1 See, Hollis; Kates; Greer.
2 See Joyce Kornbluh’s A New Deal for Workers’ Education: The Workers' Service Program, 1933-1942 for an overview of these programs. In this text, Kornbluh argues that much of the workers’ education programs of the New Deal were grounded in Progressives’ faith in enlightenment rationality as the means to achieve labor’s participation in American democracy. Kornbluh states that “the link [Progressives] drew between reason and action was conceived of in naturalistic terms: reasonable people would discover a way to organize society and would act accordingly. In the process, they would naturally shed the petty interests and class entanglements that prevented social cooperation. The prerequisite for this happy outcome was not a political program or mobilization for collective action, but education in democratic thinking” (Kornbluh 22). The labor colleges that I consider here openly advocated for a positioned and politicized education.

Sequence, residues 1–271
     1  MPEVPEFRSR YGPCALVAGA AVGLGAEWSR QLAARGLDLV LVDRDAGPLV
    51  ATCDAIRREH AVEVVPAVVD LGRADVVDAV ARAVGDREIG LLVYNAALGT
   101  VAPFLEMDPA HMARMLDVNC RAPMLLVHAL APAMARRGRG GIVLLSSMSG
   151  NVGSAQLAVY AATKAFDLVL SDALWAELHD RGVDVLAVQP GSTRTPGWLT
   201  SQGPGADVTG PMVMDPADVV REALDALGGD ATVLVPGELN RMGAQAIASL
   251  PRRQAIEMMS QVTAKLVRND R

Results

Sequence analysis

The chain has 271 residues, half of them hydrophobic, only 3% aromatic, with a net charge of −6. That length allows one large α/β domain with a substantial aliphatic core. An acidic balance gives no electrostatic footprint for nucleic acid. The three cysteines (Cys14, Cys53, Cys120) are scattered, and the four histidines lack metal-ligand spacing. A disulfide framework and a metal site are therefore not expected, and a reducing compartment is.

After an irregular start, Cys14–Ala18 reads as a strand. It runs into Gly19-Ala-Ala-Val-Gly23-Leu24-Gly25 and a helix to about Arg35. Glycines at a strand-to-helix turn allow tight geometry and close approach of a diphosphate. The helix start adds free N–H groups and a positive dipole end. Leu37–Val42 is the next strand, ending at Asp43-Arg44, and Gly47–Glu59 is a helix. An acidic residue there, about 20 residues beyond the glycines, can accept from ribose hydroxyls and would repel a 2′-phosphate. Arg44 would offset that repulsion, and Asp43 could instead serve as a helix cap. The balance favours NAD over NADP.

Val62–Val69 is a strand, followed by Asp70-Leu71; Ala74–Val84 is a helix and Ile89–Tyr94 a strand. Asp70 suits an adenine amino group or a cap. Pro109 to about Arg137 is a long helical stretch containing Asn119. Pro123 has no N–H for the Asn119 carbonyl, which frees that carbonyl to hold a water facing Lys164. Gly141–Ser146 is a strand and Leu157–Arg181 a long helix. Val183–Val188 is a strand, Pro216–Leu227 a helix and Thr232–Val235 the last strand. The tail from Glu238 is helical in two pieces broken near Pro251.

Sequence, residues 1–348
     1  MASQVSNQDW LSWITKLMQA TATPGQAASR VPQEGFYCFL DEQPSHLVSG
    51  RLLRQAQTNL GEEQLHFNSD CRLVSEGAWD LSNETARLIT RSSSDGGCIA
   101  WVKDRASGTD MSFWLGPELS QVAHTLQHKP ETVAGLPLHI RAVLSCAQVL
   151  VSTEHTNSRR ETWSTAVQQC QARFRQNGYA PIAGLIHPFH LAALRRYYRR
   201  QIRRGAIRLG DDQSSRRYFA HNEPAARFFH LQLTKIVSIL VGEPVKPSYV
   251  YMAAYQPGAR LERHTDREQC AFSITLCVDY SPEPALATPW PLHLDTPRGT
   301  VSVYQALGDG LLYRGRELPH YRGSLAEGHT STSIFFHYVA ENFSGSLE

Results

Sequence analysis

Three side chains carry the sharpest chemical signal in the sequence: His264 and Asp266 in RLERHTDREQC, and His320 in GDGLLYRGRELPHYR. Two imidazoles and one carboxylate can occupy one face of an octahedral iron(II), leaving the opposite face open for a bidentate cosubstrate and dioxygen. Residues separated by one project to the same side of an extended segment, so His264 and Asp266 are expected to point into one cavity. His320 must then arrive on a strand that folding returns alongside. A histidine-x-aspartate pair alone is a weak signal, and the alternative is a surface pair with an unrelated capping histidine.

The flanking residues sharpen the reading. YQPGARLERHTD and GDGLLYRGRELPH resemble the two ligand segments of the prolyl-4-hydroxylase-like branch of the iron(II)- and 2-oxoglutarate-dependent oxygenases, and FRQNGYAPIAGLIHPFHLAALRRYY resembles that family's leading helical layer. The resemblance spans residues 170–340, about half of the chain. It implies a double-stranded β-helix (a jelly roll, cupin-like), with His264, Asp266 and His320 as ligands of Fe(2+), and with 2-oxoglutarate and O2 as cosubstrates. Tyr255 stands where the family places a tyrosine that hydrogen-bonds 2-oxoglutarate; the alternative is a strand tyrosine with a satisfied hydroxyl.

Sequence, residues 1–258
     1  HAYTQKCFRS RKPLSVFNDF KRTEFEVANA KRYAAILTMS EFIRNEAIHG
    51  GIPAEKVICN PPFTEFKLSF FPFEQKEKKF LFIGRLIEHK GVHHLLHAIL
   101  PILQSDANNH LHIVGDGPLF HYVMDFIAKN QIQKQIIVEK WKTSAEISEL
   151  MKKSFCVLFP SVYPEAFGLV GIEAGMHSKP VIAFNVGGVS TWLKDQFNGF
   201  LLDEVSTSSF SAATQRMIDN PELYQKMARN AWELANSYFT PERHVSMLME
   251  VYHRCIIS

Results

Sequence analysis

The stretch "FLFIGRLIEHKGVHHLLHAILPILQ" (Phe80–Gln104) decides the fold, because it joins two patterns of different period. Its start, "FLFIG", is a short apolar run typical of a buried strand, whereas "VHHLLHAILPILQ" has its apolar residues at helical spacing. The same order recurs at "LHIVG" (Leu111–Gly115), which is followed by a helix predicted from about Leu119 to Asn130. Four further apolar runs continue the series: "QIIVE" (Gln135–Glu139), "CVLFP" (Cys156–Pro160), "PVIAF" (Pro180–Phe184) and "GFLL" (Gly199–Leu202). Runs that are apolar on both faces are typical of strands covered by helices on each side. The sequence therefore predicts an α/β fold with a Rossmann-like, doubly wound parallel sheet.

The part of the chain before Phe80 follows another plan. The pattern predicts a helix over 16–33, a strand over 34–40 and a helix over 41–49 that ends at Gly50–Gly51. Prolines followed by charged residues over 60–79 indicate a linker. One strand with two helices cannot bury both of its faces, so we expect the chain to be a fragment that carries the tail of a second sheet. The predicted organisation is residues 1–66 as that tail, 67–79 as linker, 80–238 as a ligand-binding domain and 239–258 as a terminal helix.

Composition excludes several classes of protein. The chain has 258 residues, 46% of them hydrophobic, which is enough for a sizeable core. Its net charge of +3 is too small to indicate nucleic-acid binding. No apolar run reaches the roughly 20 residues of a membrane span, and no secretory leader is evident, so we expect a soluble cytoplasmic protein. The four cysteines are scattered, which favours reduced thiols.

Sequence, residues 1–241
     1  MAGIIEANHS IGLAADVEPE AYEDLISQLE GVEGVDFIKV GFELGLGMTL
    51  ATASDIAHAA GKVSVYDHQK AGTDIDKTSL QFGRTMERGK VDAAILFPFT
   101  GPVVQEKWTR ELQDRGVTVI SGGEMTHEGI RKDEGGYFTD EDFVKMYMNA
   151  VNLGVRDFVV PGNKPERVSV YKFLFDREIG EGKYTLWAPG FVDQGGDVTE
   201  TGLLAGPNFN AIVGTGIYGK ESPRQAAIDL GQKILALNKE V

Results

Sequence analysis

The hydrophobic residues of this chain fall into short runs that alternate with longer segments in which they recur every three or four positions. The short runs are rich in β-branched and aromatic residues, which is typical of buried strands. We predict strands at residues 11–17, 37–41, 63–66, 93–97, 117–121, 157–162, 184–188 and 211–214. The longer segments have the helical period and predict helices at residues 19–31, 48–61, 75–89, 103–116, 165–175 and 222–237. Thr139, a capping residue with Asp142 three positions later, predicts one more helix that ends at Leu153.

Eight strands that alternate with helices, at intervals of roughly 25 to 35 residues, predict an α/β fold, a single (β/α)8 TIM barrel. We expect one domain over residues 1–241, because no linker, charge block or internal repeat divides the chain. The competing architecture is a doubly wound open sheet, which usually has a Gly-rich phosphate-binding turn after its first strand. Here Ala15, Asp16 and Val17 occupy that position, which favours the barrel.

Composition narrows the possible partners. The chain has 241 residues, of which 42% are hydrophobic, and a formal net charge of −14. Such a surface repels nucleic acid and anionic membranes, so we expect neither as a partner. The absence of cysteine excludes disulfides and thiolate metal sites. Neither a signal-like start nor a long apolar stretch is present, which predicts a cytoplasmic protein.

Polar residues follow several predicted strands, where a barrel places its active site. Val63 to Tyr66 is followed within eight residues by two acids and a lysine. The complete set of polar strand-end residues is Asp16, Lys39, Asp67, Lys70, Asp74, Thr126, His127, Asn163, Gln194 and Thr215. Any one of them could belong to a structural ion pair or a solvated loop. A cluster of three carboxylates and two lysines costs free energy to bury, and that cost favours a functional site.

3 Most of the texts I refer to below use the male pronoun as a generic pronoun. I have not changed, or placed a knowing “sic” next to these instances. I feel that any attempt to try to compensate for the use of the use of the male pronoun can potentially avoid the ways in which “he” or “man” did refer to a male subjectivity even though the intention may have been to be more inclusive.
4 Emma Goldman used this term to describe de Cleyre in her 1932 book, Voltarine de Cleyre, published shortly after de Cleyre’s premature death at the age of 45 (41).
5 Parsons was African-American, a founding member of the Industrial Workers of the World, an active speaker and writer in the radical labor movement publishing “newspapers, pamphlets, and books,” traveling and lecturing around the country, and leading demonstrations for over fifty-five years (Ashbaugh 7-8).